In a follow-up to a front page story in the Los Angeles Times entitled “’Avatar’ stirs an animated actors debate in Hollywood,” the paper’s Rachel Abramowitz posted this interview with Steven Spielberg on his use of motion capture in his The Adventures of Tintin: The Secret of the Unicorn, which utilizes the same technology James Cameron did in Avatar. The comments of Spielberg, who has played an important role in nurturing the current animation renaissance, are indicative of why mocap has proven so attractive to live-action directors:
For the director … the new experience was transporting.
“I just adored it,“ he says. “It made me more like a painter than ever before. I got a chance to do so many jobs that I don’t often do as a director. You get to paint with this device that puts you into a virtual world, and allows you to make your shots and block all the actors with a small hand-held device only three times as large as an Xbox game controller.”
With that small monitor, Spielberg could look down and watch what the actors were doing — in real time — on a screen that showed them in the film universe. Working on the motion-capture stage — which is called the volume — Spielberg was routinely dazzled by the liberating artistic value of the new science.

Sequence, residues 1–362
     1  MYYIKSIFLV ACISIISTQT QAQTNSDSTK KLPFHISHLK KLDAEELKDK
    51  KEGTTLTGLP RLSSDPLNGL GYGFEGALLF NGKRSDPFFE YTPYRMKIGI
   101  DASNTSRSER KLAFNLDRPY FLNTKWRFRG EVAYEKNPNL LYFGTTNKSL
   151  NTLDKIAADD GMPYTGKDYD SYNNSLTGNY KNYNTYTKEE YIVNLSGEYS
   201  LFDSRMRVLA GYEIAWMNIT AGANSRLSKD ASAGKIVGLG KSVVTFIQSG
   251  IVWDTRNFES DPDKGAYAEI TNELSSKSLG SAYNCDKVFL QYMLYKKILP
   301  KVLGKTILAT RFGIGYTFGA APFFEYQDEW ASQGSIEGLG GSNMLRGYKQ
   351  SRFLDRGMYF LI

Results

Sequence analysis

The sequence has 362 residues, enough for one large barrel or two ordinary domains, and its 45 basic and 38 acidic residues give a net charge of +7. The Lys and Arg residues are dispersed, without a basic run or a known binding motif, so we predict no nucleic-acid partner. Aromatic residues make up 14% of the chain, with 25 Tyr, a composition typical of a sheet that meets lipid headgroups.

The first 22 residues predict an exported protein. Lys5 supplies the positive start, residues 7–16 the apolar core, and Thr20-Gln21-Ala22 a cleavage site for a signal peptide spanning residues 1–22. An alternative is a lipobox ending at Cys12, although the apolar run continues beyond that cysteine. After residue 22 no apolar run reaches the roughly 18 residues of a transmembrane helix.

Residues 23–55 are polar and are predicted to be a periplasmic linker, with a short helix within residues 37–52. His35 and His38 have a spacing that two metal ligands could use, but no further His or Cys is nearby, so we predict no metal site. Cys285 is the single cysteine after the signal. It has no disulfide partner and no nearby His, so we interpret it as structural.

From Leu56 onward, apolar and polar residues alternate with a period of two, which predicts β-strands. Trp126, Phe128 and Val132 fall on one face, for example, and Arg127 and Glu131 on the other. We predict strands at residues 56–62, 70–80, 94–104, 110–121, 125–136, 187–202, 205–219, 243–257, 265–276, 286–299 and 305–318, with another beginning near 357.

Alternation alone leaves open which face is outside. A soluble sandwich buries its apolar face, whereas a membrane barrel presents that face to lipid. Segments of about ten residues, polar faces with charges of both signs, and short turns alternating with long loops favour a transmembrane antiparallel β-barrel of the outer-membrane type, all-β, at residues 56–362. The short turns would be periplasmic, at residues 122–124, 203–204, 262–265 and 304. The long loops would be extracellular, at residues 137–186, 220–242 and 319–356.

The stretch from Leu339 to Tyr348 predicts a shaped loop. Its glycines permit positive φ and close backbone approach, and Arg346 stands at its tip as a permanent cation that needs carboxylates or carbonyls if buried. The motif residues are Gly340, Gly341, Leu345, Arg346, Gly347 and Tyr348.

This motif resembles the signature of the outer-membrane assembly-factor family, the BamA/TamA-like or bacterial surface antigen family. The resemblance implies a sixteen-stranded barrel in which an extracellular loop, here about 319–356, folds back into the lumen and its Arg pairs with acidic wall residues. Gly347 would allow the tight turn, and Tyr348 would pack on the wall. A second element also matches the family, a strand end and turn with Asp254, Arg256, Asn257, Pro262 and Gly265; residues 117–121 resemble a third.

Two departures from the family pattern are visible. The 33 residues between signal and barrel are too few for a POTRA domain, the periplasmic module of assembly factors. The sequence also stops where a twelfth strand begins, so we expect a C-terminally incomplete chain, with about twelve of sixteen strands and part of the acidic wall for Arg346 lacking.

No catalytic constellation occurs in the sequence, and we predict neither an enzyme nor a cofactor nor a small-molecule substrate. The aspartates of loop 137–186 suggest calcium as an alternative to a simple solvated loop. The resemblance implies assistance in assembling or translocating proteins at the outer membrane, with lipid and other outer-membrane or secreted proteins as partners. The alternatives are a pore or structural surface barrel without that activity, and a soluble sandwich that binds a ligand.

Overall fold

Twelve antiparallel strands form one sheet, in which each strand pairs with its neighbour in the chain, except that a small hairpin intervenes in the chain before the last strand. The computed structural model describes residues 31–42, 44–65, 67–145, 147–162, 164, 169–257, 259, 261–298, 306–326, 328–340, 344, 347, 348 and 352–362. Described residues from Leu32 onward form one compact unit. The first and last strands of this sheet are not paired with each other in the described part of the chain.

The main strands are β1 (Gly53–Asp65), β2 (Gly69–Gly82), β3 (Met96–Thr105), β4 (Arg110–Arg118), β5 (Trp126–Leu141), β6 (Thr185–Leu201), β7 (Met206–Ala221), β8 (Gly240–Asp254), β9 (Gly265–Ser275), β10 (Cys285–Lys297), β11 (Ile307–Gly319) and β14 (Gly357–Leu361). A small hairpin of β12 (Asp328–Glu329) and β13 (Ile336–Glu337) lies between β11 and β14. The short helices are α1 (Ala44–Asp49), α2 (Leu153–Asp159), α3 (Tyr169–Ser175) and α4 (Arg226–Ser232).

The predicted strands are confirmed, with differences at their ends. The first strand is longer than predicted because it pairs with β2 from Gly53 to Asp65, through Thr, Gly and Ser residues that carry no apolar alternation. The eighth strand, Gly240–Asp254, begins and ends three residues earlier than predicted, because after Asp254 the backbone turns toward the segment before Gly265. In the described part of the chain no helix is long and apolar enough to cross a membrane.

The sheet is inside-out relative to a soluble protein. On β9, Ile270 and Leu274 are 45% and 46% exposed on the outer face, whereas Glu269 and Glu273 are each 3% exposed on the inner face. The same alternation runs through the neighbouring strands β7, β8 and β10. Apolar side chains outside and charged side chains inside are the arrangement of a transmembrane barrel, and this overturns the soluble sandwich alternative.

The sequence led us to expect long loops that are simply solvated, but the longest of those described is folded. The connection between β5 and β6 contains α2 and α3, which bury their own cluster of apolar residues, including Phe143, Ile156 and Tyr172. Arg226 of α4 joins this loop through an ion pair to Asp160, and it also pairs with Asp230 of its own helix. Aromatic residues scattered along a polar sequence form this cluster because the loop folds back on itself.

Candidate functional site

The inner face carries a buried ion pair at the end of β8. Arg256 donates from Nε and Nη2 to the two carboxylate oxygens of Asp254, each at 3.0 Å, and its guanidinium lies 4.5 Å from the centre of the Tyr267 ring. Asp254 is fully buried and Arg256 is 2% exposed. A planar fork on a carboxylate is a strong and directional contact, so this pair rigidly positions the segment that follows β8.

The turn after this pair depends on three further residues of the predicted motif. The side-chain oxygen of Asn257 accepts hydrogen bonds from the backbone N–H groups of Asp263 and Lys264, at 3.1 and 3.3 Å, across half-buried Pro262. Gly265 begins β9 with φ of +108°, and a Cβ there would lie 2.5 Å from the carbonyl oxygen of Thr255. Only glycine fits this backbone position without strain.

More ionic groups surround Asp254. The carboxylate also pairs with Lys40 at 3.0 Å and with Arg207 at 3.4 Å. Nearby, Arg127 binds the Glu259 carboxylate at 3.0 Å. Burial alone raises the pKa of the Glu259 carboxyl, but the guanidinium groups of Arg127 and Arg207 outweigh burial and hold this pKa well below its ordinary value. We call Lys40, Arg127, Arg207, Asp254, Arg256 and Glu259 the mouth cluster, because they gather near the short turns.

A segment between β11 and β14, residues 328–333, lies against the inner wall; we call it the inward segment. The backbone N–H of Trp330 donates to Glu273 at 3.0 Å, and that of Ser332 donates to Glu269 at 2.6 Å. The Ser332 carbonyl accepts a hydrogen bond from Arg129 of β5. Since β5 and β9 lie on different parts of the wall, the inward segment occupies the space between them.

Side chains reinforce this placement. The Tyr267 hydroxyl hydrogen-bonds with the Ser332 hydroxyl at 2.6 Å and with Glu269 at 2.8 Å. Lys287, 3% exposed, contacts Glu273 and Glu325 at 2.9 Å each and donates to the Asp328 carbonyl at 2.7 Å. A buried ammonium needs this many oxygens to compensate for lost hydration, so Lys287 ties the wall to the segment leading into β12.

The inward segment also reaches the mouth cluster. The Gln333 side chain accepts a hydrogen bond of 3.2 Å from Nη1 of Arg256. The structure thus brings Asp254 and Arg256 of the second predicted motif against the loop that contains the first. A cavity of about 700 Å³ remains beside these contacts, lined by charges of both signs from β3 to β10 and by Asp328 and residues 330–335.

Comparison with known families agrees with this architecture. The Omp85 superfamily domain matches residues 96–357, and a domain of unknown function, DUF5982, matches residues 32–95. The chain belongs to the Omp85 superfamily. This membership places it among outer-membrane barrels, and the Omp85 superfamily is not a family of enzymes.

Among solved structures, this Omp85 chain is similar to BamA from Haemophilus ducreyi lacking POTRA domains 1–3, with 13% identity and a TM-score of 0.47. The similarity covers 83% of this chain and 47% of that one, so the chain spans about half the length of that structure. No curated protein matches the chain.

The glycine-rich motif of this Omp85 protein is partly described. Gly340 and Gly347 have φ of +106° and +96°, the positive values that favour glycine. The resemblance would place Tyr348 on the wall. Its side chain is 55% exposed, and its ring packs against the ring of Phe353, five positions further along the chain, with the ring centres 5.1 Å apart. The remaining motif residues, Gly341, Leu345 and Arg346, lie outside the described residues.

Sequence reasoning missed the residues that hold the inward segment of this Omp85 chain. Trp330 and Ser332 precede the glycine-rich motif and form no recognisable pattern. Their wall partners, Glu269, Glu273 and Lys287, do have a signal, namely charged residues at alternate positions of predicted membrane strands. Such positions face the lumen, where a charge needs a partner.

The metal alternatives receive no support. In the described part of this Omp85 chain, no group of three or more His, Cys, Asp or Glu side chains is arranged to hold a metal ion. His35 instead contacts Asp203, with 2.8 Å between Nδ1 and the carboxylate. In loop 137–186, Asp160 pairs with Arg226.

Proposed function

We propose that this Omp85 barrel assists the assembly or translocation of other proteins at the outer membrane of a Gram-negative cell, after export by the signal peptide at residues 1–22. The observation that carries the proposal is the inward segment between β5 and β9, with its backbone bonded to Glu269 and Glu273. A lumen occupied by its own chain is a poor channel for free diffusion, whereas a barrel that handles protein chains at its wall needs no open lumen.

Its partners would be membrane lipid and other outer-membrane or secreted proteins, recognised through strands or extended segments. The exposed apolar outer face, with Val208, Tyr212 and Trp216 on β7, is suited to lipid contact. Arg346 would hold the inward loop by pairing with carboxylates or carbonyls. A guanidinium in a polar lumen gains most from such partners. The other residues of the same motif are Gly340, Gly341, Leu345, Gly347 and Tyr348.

The Los Angeles-based iotaCenter, an organization “devoted to Abstract Cinema and Visual Music,” now has a YouTube channel where a number of otherwise unavailable films can be seen. These include Len Lye’s pioneering experiment in cameraless animation: A Colour Box; this was his first film in which he painted directly onto film, a technique process which today is more closely identified with Norman McLaren. The film was made in 1935, but John Grierson later arranged for the GPO Film Unit to reissue it in 1937 with a blurb for the General Post Office appended, which is the version posted above.
Below is Permutations (1966), John Whitney’s lovely computer/optical printer film done at UCLA under a grant from IBM. Whitney is one of the true pioneers of computer animation, whose work is probably most familiar from the digital graphics created for Saul Bass’ title sequence for Alfred Hitchcock’s Vertigo (1958); among Whitney’s disciples was Bob Abel, whose Robert Abel and Associates famously worked on Tron (1982).
This is by way of an overdue update on Tinga Tinga Tales, the Kenyan animated TV series I reported here on June 30th. The series (see trailer above) has begun broadcasting on the CBeebies,(Children’s BBC) (those living in the UK can see past episodes here). In the meantime, check out this BBC story on the studio here.
Thanks to Cartoon Brew.